2) In the case discussed, the woman was not only shielding the terrorist from death; she was shielding the Jewish lynch mob from committing the crime of shefikhut damim, as even according to this erroneous pask they were not permitted to harm the terrorist once he no longer posed a threat.
    3) The psak notes that government officials are bound by international agreements, but apparently fails to recognize that health professionals are bound by professional ethics and international agreements as well.
    4) One rationale for such agreements is the need for reciprocity, and aside from the question of obeying one’s oath or one’s community’s commitments, any position allowing medical professionals discretion to choose whom not to treat will unquestionably lead to the deaths of Jews (and we have properly objected in the strongest terms to the refusal of some Palestinian doctors to treat wounded Israelis).
    My hope is that when these questions are raised to Rabbi Melamed he will choose to remove the psak.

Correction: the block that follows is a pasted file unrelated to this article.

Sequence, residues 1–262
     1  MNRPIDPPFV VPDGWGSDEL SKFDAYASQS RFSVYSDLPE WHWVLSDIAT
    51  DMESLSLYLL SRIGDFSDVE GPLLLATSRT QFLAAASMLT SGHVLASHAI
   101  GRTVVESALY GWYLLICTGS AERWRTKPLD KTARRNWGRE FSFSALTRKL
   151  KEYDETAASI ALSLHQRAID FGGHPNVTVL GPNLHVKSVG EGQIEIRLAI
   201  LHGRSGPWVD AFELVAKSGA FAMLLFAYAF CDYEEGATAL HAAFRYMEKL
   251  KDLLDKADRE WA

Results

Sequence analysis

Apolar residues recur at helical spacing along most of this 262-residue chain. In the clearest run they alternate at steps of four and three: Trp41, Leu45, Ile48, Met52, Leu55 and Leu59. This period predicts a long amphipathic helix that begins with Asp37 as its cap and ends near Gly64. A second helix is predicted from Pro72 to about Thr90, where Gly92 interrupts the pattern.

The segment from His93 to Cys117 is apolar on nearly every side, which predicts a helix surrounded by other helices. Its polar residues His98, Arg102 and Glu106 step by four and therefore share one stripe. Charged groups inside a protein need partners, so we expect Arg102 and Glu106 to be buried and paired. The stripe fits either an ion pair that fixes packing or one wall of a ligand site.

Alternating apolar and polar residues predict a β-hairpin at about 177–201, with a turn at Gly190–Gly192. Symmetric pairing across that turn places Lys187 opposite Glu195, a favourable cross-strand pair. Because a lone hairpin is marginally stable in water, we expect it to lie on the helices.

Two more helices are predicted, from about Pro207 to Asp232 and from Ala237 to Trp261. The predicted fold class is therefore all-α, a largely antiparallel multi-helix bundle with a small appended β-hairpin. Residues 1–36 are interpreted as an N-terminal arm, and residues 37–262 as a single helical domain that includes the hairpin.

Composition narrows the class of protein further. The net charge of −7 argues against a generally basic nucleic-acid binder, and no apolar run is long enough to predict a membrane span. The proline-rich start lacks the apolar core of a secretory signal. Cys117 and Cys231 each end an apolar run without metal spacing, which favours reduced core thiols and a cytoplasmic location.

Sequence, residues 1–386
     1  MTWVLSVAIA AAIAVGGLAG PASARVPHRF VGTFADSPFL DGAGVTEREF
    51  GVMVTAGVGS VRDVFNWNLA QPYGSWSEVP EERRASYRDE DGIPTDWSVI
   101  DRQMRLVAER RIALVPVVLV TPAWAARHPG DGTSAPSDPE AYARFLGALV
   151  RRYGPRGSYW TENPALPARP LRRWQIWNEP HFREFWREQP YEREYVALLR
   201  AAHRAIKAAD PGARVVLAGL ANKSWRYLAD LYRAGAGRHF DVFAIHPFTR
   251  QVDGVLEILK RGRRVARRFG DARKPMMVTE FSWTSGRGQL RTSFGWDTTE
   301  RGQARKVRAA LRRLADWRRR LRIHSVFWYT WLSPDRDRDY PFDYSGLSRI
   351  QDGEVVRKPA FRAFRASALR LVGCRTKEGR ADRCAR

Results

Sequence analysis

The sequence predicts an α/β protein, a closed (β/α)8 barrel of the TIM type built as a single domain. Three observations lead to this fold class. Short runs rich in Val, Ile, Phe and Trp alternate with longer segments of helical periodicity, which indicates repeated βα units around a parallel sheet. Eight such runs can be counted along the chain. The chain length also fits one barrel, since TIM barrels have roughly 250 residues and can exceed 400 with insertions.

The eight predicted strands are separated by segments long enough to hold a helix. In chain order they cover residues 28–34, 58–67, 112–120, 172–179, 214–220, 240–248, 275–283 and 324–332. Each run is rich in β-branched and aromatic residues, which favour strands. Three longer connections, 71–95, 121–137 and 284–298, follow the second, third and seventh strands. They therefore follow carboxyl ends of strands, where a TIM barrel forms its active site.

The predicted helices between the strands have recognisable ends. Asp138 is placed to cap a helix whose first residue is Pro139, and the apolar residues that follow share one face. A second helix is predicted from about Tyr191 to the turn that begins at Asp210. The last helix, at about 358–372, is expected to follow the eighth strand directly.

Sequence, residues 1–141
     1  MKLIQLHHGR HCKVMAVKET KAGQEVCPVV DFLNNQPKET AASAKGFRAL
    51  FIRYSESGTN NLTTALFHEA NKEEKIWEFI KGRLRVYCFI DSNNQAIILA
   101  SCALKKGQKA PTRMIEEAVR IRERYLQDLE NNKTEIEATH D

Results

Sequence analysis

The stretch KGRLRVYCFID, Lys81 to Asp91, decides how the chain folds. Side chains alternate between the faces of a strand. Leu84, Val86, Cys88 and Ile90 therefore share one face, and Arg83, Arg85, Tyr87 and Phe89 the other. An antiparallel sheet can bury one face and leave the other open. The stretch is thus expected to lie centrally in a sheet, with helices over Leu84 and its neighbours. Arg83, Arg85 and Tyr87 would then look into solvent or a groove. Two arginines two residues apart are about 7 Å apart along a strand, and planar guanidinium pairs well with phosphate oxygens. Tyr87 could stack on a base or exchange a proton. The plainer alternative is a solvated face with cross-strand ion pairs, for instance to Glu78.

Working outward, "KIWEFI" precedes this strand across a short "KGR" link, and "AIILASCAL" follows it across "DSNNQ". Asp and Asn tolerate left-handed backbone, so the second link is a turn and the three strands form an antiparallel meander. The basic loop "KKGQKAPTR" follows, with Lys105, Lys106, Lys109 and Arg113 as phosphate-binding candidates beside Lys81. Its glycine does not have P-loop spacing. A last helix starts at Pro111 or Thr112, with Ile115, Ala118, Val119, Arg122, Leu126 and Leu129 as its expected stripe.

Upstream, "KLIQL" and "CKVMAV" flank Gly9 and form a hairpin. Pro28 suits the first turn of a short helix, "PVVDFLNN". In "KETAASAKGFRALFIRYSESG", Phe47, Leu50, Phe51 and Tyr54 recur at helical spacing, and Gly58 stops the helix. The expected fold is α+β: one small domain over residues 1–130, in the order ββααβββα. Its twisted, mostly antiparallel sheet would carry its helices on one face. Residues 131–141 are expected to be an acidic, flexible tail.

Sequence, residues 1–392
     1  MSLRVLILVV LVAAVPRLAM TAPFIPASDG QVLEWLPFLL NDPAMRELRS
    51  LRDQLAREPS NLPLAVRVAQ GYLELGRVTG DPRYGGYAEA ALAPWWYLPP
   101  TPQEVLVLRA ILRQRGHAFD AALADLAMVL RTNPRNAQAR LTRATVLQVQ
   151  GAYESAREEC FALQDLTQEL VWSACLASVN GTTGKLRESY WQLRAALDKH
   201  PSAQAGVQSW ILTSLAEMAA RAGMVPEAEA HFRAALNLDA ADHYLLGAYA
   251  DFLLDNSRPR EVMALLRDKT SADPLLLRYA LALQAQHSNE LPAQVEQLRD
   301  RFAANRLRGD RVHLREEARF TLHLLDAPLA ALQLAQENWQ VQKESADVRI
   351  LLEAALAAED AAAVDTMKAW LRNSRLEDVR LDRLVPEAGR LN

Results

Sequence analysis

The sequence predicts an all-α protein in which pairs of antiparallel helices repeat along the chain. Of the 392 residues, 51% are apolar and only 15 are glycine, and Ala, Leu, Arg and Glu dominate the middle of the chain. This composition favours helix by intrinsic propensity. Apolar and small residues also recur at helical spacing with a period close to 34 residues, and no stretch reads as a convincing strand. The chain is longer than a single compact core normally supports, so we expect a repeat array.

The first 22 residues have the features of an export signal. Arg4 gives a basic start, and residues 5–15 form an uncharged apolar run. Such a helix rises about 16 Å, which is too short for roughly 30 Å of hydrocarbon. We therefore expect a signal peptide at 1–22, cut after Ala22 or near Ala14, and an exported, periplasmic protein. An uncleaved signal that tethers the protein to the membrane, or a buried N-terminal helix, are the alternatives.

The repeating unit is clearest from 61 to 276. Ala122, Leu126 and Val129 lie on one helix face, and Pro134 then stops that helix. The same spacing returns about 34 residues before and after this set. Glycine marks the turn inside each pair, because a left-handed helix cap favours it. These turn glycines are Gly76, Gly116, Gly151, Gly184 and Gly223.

Aside from all the above, there are the independently sufficient issues of kiddush and chillul Hashem.
    Lastly, I note only in passing, as I do not wish to create the misimpression that this issue is in any way subject to debate about the meaning of any particular halakhic text or texts, that the citation to Rambam is erroneous – it should be 4:11; and that offhand it seems to me that neither the Rambam nor the Shulchan Arukh provide any basis for the sweeping claim about “a lesser category of evildoers”; and that it seems to me that the Chazon Ish 2:16 to Hilkhot Shechitah holds that a beit din of 3 is necessary for such halakhot anyway.
    B’khavod Rav,
    Aryeh Klapper